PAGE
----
Broad Area Colloquium For AI-Geometry-Graphics-Robotics-Vision

Sharing and Abstraction in Hierarchical Reinforcement Learning

Thomas G. Dietterich
Computer Science Department
Oregon State University

Monday, Mar 5, 2001, 4:15PM


Reinforcement learning addresses the problem of learning optimal policies for sequential decision-making problems involving stochastic operators and numerical reward functions rather than the more traditional deterministic operators and logical goal predicates. In many ways, reinforcement learning research is recapitulating the development of classical research in planning and problem solving. After studying the problem of solving ``flat'' problem spaces, researchers have recently turned their attention to hierarchical methods that incorporate subroutines and state abstractions. In this talk, I will provide an overview of the MAXQ approach to hierarchical reinforcement learning. In this approach, the programmer designs a task hierarchy much the way a programmer might design a subroutine hierarchy or a hierarchical task network. A reinforcement learning algorithm (MAXQ Q learning) is then applied to simultaneously learn implementations for each of the subroutines by interacting, online, with the environment. The key data structure constructed by MAXQ Q learning is a hierarchical decomposition of the value function known as the MAXQ hierarchy. This decomposition supports three important forms of state abstract that are essential to the practical application of the MAXQ hierarchy. The talk will briefly summarize theoretical results concerning correctness and convergence of MAXQ and present experimental studies showing that hierarchical reinforcement learning can be much more efficient than non-hierarchical methods.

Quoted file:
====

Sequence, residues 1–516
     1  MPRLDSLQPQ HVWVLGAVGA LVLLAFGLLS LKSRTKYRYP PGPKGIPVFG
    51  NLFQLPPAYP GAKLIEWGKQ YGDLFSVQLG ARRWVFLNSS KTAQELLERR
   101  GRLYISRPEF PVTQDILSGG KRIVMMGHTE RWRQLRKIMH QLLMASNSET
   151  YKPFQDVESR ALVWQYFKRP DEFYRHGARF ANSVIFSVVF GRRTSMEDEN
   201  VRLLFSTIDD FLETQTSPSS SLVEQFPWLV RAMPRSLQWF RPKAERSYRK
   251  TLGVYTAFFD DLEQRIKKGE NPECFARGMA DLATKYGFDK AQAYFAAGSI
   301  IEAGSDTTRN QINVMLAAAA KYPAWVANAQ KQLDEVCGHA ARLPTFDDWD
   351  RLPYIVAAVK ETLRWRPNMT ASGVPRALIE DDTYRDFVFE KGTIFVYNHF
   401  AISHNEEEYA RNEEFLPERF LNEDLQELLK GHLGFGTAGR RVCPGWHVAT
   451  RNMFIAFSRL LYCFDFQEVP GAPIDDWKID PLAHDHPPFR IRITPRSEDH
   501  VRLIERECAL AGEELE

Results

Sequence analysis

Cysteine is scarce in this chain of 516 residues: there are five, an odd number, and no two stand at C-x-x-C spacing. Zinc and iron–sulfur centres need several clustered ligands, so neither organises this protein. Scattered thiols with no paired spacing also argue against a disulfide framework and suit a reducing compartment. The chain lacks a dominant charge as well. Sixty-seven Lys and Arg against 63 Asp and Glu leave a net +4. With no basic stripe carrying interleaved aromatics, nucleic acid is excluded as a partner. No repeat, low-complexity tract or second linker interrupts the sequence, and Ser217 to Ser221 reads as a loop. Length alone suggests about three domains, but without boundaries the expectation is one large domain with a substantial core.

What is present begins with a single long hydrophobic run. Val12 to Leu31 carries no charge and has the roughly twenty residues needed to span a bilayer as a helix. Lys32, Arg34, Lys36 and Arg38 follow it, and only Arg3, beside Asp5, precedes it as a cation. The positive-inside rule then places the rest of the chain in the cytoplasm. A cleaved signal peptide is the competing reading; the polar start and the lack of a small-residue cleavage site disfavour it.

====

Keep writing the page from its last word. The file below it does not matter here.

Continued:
About the Speaker

Thomas G. Dietterich has been a faculty member in Computer Science at Oregon State University since 1985 (Professor since 1995). He received the Ph.D. in computer science from Stanford University in 1984, the M.S. from the University of Illinois in 1979, and the A.B. (in mathematics) from Oberlin College in 1977. He is the author of many journal papers in the area of artificial intelligence and machine learning, as well as editing (with Jude Shavlik) the book Readings in Machine Learning. He is the past Executive Editor of the journal Machine Learning, and currently serves as an Action Editor for Neural Computation and the Journal of Machine Learning Research. He also edits the MIT Press Series on Adaptive Computation and Machine Learning. Dietterich received an NSF Presidential Young Investigator Award in 1986; he has served as Technical Program Chairman for the National Conference on Artificial Intelligence (1990) and Councillor of the American Association for Artificial Intelligence (1991-1993). He also worked as a Senior Scientist for Arris Pharmaceutical Corporation from 1991-93 developing machine learning methods to support rational drug design. His current research has two main directions. The first is the application of reinforcement learning to problems in search and optimization, particularly in image processing and protein structure determination. The second direction is the development of generic tools for learning from temporal and spatial data.


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